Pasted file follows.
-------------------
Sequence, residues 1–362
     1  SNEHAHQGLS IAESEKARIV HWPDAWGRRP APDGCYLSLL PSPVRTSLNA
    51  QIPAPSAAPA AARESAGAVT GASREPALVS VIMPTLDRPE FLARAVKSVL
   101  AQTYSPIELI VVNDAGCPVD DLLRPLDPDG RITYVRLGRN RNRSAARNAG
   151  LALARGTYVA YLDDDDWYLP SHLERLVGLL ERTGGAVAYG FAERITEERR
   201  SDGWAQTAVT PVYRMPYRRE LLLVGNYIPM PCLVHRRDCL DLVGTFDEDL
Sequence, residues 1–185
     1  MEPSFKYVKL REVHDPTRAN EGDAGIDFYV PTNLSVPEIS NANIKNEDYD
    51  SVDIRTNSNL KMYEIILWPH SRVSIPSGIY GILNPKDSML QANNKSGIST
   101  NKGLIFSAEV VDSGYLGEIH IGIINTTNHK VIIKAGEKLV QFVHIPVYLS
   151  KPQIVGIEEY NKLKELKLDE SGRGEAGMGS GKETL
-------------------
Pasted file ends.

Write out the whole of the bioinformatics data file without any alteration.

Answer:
Sequence, residues 1–362
     1  SNEHAHQGLS IAESEKARIV HWPDAWGRRP APDGCYLSLL PSPVRTSLNA
    51  QIPAPSAAPA AARESAGAVT GASREPALVS VIMPTLDRPE FLARAVKSVL
   101  AQTYSPIELI VVNDAGCPVD DLLRPLDPDG RITYVRLGRN RNRSAARNAG
   151  LALARGTYVA YLDDDDWYLP SHLERLVGLL ERTGGAVAYG FAERITEERR
   201  SDGWAQTAVT PVYRMPYRRE LLLVGNYIPM PCLVHRRDCL DLVGTFDEDL
Sequence, residues 1–185
     1  MEPSFKYVKL REVHDPTRAN EGDAGIDFYV PTNLSVPEIS NANIKNEDYD
    51  SVDIRTNSNL KMYEIILWPH SRVSIPSGIY GILNPKDSML QANNKSGIST
   101  NKGLIFSAEV VDSGYLGEIH IGIINTTNHK VIIKAGEKLV QFVHIPVYLS
   151  KPQIVGIEEY NKLKELKLDE SGRGEAGMGS GKETL